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Thursday
Jan102019

Making Good on Good Intentions

Grace Fox wrote nine books. She's well-acquainted with the discipline and perseverance it takes to buckle down and write. She also knows how easy it is to stop at "good intentions." In this New Year UPGRADE, she invites us to examine our new goals and consider how we can "make good" on them.

"You and I—and millions of other women—know it’s easy to begin a new year with good intentions," Grace says. "Following through on them is often a different story."

Following through. Yes, I (Dawn) identify with that. I can't tell you how many times my good intentions ended up being forgotten intentions. But I can choose to change; and so can you!

Grace continues . . .

A traumatic experience helped me understand the importance of making good on my good intentions.

January 11th marks the sixth anniversary of my suffering leg injuries that left me wheelchair-bound for three months. Recovery required surgery, physiotherapy, and a lot of hard work on my part for two years.

I’m embarrassed to admit that my injuries were self-inflicted. As a writer, I sat at my desk for hours every day without getting up to stretch.

Granted, I woke each morning with good intentions. I promised myself that I’d take short exercise breaks, but soon my writing projects absorbed me and I’d think, I’ll take a walk later, after I finish what I’m doing.

Later never came, and I paid the price.

I’m grateful for the wakeup call. It forced me to admit something I knew all along—that good intentions alone won’t bring the benefits of good health.

Living long and strong for Jesus requires action on my part:

  • use my gym membership,
  • eat nutritious foods,
  • track my food intake,
  • practice portion control, and
  • be accountable on a weekly basis to a small group of women walking a similar path.

The same principle holds true for other aspects of life.

Say, for instance, we want to build relationships with our neighbors this year. Our intentions are admirable, but they won’t build friendships unless we take time to talk over the fence, to listen, and to demonstrate kindness.

We may want to grow in our relationship with the Lord over the next twelve months. Our desire is commendable, but it won’t result in spiritual growth unless we create space to study His Word, engage in dialogue with Him, and obey His commands.

Perhaps we intend to become more effective intercessors. This might mean facing our fear of praying aloud in front of other people. We may have to grow willing to pause and to pray right then and there for someone who’s just expressed a concern.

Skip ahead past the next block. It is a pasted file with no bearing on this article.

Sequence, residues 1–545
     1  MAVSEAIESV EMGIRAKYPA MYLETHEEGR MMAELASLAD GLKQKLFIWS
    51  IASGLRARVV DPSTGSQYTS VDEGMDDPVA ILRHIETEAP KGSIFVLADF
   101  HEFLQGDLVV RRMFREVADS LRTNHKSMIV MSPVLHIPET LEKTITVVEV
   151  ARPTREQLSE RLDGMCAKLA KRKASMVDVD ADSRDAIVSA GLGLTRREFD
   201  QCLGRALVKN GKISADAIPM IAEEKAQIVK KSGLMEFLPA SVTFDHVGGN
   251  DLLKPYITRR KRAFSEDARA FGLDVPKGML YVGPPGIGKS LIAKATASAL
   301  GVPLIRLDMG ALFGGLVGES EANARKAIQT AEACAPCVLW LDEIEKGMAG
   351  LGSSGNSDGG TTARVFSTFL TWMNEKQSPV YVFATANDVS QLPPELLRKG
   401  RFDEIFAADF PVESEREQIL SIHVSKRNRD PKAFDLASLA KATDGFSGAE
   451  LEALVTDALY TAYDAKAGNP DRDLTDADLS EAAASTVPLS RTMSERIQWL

The examples I listed are among my good intentions for this year. Perhaps you’re nodding in agreement because like me, you hope to become more proactive about your health, about relationships with your neighbors, about knowing God more intimately, and about praying for others.

Or maybe your list includes a plethora of totally different ideas. Regardless, here are several prayer-focused points to ponder as you think about your good intentions for 2019.

1. Ask God for FOCUS.

It’s easy to make a list of impressive intentions. Trouble is, sometimes our list is too long or lofty or misses the mark altogether.

Ask the question, “God, what are Your good intentions for me this year? Where do you want me to focus?”

Jeremiah 33:3 promises that He will answer—“Call to me and I will answer you. I’ll tell you marvelous and wonderous things that you could never figure out on your own” (The Message).

2. Ask God for STRENGTH.

Following through on good intentions sometimes demands more emotional or physical strength than we can muster.

The good news is—God promises to strengthen us when we partner with Him to accomplish His purposes for our lives.

Psalm 18:29 has been especially meaningful to me as I continue my wellness journey—“In your strength I can crush an army; with my God I can scale any wall.”

Sometimes following through on my intention to avoid unhealthy snacks is like fighting a battle, but God’s power at work within me gives me the strength to do the right thing. He’ll do the same for you.

3. Ask God for PERSEVERANCE.

We might think that making good on our good intentions will guarantee instant results.

For instance, extending kindness to a neighbor will automatically open the door to sharing the Gospel with her.

Unfortunately, sometimes our good intentions don’t yield the results we want, but that doesn’t mean we toss them aside. It means we learn to practice perseverance. We choose to hang in there for the long haul, trusting that God is at work even though we don’t see things happening.

Sometimes our good intentions are only the tip of the iceberg, so to speak. We might think we know what God wants to do in and through us but in reality, He’s doing something much deeper, and that takes time.

So, my friend—what’s one of your good intentions for 2019? What actions will you take to make good on it?

Grace Fox is a career missionary, international speaker, and author of nine books. Her latest release is Forever Changed, a Bible study published by First Place 4 Health. Discover more about her ministry here. Purchase her Bible study through First Place 4 Health.

Graphic adapted, courtesy of Ben White at Unsplash.

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